Anis Bennaceur

Later that year, Anis grabbed coffee with his biggest competitor at the time, Matthias Wickenburg, who had built a startup called Swipecast.

Matthias was going through the same challenges as Anis and, little did they know at the time, they would soon partner up.

Starting Attention

At that coffee meeting with Matthias, Anis found someone with a similar interest as him:

I remember very well, end of 2020 we grabbed coffee and we both were geeking over what AI could do and also just wanting to build something within a way bigger TAM and we both had the same level of ambitions.

We didn't want to build a small business. We wanted to build something that could be worth one day tens of billions of dollars and truly change an industry versus just kind of building in our small niche.

Anis Bennaceur

It was clear the end of Mixer was near for Anis and he was ready to move on. Matthias was in a similar position, telling Anis that he wasn’t going to work on Swipecast forever either.

Thankfully for Anis, the NFT craze was booming in 2021 and he figured out a way to sell Mixer’s user base to a crypto company and move on.

During that time, Anis and Matthias were able to see if they clicked:

It took about six months for me and Matthias to kind of iterate on ideas and get to know each other and see if we were seeing the world the same way.

And what happened was in June of 2021 a good friend of mine who was running a French VC called Frst, with who we had iterated on ideas quite a bit, got us to pitch him and his partnership and offered us, before we even created the company, $400,000 in a SAFE, and so we just jumped in.

Anis Bennaceur

Importantly, they found out that they complemented each other well:

We started getting closer and closer and some of the things that we both believed in included the obsession around product-market fit, talking to customers, and building.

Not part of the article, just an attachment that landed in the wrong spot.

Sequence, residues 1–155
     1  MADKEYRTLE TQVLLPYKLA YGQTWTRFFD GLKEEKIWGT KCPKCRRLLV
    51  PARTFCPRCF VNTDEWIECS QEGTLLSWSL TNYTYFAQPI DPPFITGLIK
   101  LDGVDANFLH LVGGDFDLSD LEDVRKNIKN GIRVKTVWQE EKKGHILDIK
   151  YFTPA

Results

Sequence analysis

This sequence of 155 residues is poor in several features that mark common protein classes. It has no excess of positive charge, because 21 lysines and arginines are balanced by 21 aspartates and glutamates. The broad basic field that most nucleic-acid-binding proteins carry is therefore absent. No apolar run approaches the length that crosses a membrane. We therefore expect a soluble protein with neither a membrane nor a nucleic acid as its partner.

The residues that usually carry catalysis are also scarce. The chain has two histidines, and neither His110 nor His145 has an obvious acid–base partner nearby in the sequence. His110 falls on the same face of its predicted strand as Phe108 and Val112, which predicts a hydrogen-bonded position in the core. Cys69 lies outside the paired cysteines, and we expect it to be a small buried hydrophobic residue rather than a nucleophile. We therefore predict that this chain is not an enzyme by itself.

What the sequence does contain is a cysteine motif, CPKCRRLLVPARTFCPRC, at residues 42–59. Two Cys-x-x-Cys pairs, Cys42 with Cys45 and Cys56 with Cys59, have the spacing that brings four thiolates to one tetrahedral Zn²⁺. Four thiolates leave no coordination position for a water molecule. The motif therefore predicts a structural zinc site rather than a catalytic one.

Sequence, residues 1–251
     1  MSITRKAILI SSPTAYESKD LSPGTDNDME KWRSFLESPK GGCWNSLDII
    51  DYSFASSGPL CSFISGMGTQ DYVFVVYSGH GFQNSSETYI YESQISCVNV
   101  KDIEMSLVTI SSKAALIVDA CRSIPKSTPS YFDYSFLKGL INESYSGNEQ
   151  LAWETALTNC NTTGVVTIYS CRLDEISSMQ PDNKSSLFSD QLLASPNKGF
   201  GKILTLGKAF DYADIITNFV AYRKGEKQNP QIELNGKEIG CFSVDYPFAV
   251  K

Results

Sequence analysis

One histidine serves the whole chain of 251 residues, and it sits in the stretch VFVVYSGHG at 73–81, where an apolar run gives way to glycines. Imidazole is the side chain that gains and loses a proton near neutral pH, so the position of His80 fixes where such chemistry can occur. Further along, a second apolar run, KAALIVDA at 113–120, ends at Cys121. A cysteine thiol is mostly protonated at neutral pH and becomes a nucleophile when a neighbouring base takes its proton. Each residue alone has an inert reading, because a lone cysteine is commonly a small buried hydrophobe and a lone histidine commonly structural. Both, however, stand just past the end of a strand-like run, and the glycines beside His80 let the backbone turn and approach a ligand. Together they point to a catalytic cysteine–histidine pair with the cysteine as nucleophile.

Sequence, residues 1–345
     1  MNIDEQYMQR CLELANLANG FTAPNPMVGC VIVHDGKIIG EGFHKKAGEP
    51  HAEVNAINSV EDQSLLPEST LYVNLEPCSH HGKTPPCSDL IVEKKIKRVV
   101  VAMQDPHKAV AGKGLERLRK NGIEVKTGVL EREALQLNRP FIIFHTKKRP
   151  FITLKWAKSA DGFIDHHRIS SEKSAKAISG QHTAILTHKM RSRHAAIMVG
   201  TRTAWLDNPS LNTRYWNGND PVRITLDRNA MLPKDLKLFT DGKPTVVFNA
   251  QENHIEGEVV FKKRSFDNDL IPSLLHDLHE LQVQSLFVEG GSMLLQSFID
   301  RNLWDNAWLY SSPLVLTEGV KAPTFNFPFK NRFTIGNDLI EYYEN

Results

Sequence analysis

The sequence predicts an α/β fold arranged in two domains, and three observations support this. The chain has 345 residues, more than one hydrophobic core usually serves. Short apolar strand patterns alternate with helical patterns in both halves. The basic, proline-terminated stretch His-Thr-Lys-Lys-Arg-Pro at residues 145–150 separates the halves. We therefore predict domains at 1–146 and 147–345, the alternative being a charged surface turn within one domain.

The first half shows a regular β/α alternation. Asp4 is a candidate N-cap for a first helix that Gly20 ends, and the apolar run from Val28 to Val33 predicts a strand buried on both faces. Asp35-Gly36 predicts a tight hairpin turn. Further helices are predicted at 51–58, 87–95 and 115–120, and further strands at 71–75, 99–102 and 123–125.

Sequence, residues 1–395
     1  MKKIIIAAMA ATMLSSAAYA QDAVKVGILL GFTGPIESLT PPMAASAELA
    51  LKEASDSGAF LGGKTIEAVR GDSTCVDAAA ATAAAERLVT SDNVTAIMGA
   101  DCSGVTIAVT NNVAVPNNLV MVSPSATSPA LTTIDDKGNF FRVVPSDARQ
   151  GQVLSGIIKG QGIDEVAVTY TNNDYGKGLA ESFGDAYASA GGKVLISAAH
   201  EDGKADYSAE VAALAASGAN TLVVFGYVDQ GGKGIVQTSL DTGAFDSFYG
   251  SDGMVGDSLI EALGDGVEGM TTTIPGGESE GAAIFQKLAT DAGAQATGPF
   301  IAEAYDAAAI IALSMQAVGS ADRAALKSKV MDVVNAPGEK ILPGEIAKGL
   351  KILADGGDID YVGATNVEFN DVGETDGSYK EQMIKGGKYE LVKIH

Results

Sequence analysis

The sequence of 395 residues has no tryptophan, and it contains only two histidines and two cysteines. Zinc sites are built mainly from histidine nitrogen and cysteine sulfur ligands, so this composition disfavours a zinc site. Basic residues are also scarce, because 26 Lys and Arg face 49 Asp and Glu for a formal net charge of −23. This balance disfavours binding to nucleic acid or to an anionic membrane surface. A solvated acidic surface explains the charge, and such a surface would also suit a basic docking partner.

When I asked him, “Hey, what were the 10 lessons that you got out of Swipecast?” He shared his 10 lessons; I shared mine and like maybe seven out of 10 were overlapping. It was a pretty magical moment. Also, I could read that this was like made to happen.

We're extremely complementary. I'm a lot more aggressive and I'm a lot more of a wartime person. He, I wouldn't say that he's a peacetime CTO, but he's a lot more sound and quiet than I am in a way. I can work very late at night. He wakes up extremely early mornings to kind of meditate and start his workday at 5 AM.

It was like yin and yang and not only within our personalities, but also within our skill sets. We felt like we covered all of the needed skills to be a successful duo of founders.

Anis Bennaceur

Anis even wrote about 10 of his lessons from building Mixer, with one, in particular, he told me about in our interview: try to find product-market fit before you try to grow.

He’d take that to heart in building Attention, which he started working on with Matthias at the end of summer 2021.

They raised around $600,000 at that time from the French VC Frst as well as some of their founder friends who were angel investors.

By December 2021, they had an MVP out, a few interested early users, and they made their first hire, Johan, their VP of Engineering who today is running all of their engineering team.

This product and early user interest helped them raise a proper seed round in March 2022, but it wasn’t easy:

It was very painful to be honest because we just had an MVP, no active users, just like a dozen companies remotely interested in using it.

This is a piece of advice I'd give to any founders when VCs tell you, “Hey, you're ready to raise,” just actually think very hard about whether you want to do it.

We thought that we were ready and actually we weren't. A lot of the people who showed early interest actually just passed very quickly.

We ended up speaking to 40 different VCs and we had five that were interested. So four that were interested plus our pre-seed fund that was also interested.

What we did is we started building this interest around a SAFE and we had about $1 million to $1.5 million that was soft committed. All we needed was a lead to close the round.